- Latin America
- The Crossroads
- Transatlantic Policy Lab
- TTIP Decision Theater
- TTIP Town Hall
- Newpolitik: Germany’s Emerging Role in a New World
- Europe's Reluctant Leader
- Germany's Response to the Refugee Situation
- Preserving an Old Model in a New World
- The End of Panda Politics
- TTIP and Germany
- The Energiewende
- Germany's Security Policy
- Russia - A Threat to European Security?
- Understanding German Data Protection
- The Middle East and Germany
Frequently Asked Questions
Q. What is the TTIP Town Hall program?
The TTIP Town Hall program is a program organized by the Washington, DC-based Bertelsmann Foundation that seeks to foster greater awareness of and debate on the Transatlantic Trade and Investment Partnership (TTIP), the free-trade agreement being negotiated by the United States and the European Union, and its impact on Americans. The program focuses on TTIP’s local and regional aspects, and expands the discussion beyond Washington, DC. The outreach and awareness-raising program focuses on five US cities over a two-year period. Through a series of meetings, presentations, and “Town Hall” gatherings, the Bertelsmann Foundation is providing opportunities to those whose perspectives are traditionally underrepresented in trade negotiations to express their intensity of interest in, priorities for and concerns about the TTIP agreement.
Q. What is the Bertelsmann Foundation and why is it organizing this program?
The Bertelsmann Foundation, established in 2008, is the North American arm of the Germany-based Bertelsmann Stiftung, one of Europe’s largest think tanks. As an organization, we are drivers of social change and are committed to promoting the freedom of individuals and societies and international understanding, particularly between the United States and Europe.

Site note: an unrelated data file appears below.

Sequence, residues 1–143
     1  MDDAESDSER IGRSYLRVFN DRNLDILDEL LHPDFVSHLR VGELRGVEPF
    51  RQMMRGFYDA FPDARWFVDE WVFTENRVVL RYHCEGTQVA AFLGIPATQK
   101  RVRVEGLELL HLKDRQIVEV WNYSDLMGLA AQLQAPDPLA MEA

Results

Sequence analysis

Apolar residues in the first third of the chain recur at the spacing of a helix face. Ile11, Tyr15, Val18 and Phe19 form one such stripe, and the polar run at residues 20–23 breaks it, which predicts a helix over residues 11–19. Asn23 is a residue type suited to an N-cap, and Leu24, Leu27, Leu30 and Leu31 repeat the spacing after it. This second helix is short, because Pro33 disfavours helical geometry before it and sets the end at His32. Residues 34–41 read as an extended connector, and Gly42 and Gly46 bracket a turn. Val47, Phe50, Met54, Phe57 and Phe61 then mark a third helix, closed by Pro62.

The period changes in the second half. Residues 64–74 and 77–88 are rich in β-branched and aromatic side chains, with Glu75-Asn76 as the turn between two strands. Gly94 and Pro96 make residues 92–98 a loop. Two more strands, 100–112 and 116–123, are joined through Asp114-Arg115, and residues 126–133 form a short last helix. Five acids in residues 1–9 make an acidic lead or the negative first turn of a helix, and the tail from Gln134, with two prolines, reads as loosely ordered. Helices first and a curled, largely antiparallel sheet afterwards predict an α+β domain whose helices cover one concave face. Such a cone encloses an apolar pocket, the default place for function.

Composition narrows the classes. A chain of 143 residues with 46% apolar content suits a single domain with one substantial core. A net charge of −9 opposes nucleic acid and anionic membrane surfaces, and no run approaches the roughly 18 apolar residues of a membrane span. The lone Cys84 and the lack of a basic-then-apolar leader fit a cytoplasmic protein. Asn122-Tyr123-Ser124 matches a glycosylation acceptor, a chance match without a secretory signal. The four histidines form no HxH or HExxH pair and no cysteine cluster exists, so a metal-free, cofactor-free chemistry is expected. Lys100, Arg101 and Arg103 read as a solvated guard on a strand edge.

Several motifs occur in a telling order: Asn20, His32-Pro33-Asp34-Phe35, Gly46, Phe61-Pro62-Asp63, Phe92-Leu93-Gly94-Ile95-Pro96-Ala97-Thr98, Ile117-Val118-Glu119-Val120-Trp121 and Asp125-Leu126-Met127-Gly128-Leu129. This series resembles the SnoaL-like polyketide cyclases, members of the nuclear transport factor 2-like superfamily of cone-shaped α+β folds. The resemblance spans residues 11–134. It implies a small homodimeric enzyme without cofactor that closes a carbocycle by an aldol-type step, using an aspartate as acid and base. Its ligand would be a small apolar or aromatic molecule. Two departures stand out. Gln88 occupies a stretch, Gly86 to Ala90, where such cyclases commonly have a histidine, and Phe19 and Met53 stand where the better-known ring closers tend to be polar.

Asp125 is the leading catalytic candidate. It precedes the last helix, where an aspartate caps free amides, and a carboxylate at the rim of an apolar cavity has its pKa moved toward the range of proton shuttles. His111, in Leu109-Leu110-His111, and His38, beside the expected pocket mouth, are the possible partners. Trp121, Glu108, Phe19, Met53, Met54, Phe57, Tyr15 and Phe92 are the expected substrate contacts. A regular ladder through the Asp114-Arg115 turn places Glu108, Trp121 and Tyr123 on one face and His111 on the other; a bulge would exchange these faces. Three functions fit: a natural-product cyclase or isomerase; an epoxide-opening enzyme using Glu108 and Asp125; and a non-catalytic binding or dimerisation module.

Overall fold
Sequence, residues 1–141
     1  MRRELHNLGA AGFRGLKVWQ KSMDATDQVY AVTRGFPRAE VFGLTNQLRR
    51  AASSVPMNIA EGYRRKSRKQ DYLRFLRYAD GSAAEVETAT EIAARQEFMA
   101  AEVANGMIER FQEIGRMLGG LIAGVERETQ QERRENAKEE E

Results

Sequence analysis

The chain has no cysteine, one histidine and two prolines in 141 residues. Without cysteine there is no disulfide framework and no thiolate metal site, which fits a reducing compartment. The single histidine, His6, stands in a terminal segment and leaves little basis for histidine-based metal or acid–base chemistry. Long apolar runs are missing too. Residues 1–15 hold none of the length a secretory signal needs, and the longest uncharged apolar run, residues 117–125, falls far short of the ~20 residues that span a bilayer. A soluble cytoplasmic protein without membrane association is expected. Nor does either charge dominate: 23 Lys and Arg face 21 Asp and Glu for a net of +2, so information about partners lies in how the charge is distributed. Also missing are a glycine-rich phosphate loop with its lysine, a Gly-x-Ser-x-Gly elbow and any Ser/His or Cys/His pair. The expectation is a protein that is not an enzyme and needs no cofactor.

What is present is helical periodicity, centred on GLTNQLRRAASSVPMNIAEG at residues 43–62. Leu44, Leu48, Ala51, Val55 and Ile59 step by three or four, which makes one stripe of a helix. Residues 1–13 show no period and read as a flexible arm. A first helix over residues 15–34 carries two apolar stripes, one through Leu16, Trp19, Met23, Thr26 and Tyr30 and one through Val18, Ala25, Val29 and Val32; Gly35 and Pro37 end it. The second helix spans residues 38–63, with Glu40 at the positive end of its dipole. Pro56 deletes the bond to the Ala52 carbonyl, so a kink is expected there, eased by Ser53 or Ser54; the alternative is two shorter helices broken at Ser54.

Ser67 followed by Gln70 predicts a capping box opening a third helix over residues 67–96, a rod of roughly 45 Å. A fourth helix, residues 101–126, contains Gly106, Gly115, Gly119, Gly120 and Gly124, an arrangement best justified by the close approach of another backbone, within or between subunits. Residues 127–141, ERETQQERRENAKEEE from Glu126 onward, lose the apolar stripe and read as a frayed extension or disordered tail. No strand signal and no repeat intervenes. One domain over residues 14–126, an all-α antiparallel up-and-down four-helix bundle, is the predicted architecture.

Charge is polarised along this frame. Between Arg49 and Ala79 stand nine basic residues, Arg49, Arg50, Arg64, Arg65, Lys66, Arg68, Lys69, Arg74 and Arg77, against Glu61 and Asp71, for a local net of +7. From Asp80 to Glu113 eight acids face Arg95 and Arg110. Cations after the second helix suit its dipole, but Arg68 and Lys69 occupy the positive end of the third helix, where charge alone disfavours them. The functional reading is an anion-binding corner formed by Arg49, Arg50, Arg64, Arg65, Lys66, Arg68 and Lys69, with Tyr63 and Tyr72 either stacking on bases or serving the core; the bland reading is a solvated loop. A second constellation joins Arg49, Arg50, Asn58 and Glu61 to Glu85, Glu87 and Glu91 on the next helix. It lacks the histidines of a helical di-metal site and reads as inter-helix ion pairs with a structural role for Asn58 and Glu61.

The Bertelsmann Foundation’s role as an international non-profit, non-partisan organization leaves it uniquely qualified to organize and encourage debate on the TTIP. With offices in Washington, DC and throughout Europe, the Bertelsmann Foundation and the Bertelsmann Stiftung are able to convene a diverse group of stakeholders to have a frank, informative and transparent debate on the TTIP and its potential impact on local US communities.
Q. Who is the intended audience?
The TTIP Town Hall program has four principal target groups: 1) businesses and local chambers of commerce; 2) key elected officials and policymakers in their constituencies; 3) local media; and 4) civil-society groups, including consumer associations, environmental and labor groups, and other non-government organizations (NGOs). Convening all four target groups in the TTIP Town Hall program is essential for ensuring a diverse and transparent TTIP debate.
Q. With whom is the Bertelsmann Foundation partnering on this program?
In organizing and implementing each TTIP Town Hall program, the Bertelsmann Foundation is partnering with local universities, businesses, local chambers of commerce, media outlets, civil-society groups and other NGOs, and local, state and federal elected officials.
Q. What is the end product of the TTIP Town Hall program?
Following the conclusion of the TTIP Town Hall program, the Bertelsmann Foundation will produce an “Impact Atlas”, a policy-oriented analytical document that will examine regional impacts, local perceptions and policy priorities in all TTIP Town Hall locations. The Atlas will include five chapters, one for each location, with TTIP-specific economic profiles and anecdotes from local industry, labor organizations, civil-society groups, NGOs and government.
Q. How is the TTIP Town Hall program funded?
The European Union places high importance on stakeholder participation in the TTIP on both sides of the Atlantic and the promotion of transparency and open debate, principles that the Bertelsmann Foundation supports. Funding for the TTIP Town Hall program is provided by a two-year grant from the European Commission under the "2014-2015 Research and Debate” grant program, which provides funding for think tanks, public-policy research centers, civil-society groups, and other NGOs for projects that encourage policy research and debate.